Lands Board Office
The Maitland Land Board District comprised 13 land districts under the administration of the Crown Lands Act of 1884 . In each of these 13 districts was a Lands Board. To manage the responsibilities and transactions of the Land and Surveys offices of such a large area, staff were stationed at East Maitland and a Crown Lands Agent appointed to each district.
The Lands Board was first opened at East Maitland on 1 January 1885. For the purpose of carrying on business, a school-room in Banks Street was leased from the authorities of St. Peter’s Church of England, however when the introduction of dairying in the Hunter led to many landowners dividing their holdings into smaller portions, the resulting in an increase in the workload of the Lands Board required a larger premises.
The need of new and more extensive premises soon became apparent.
A new site for a Lands Board Office was originally surveyed in 1891, however, it was not until December of 1894 that steps were made to purchase the land for a Land and Survey Office. In a memorandum of March 1895 it was confirmed that the site on the corner of Banks and Newcastle Streets had been purchased from the authorities of St. Peter’s Church for £650 and tenders were called for the construction of the new office and caretaker’s quarters.In August 1895 the tender of Thomas Henley, of Balmain, for £4,530 was accepted, with the estimated time of construction being eight months. The building was designed by the then Government Architect, Colonel Walter Liberty Vernon and erected under the supervision of Mr. W.A. Lewis, Clerk of Works.
By mid-1896 work was well underway, with the building having been substantially completed by the end of that year. Extra work, principally on the foundations, brought the final cost to £4660.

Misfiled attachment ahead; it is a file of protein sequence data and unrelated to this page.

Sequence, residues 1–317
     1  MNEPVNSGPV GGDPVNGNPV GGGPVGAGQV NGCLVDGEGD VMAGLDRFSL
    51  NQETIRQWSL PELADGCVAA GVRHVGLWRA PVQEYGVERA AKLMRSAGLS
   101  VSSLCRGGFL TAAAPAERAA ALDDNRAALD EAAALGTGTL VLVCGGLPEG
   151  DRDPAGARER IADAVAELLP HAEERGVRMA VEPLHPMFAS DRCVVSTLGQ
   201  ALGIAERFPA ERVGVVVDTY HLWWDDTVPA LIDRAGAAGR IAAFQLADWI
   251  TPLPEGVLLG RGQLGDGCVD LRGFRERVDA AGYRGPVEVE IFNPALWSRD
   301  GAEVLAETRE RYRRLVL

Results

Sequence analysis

In a letter from Public Works on February 2, 1897, the Lands Department was informed the new Maitland Land Board office was completed. The office was subsequently officially occupied in mid- March 1897 and the first meeting of the local Land Board for the Land District of Maitland was held in the new court offices on 3 April 1897.
A separate portion of the building also housed Public Works and Roads Department.
Accounts of the opening in the local press described the compact three-storey building in minute detail: the stone base course had been constructed from rock quarried from Ravensfield. The bricks used in the building came from Wallsend and internal bricks from kilns near Maitland, while American green slate tiles covered the roof, capped with decorative cresting. Decorative stonework had been applied to the façade, a cedar staircase lead to the upper floor and that the floors were laid with teak from the Richmond River.
Cedar joinery was used extensively throughout the building; cedar coupled with kauri was used in the panelling, while the upper rooms were built from kauri and beech. Internal walls were finished in Keene’s cement for the lower level with a dado five feet high, above which the wall was finished in shell-lime plaster.
The building remained virtually unchanged until the mid-1980s when the increasing number of staff necessitated the department to look at possible extensions to the original building.
On March 15, 1984, the Minister for Public Works announced tenders for the new extensions would be called for towards the end of the year, with the two storey additions estimated to cost in the vicinity of $800,000.
The Public Works Department subsequently won the tender and commenced work on May 20, 1985. The new two storey extensions housed plan printing rooms, records room, office areas and board room.
The new extensions were officially opened by John Aquilina, Minister for Natural Resources, on February 28, 1986.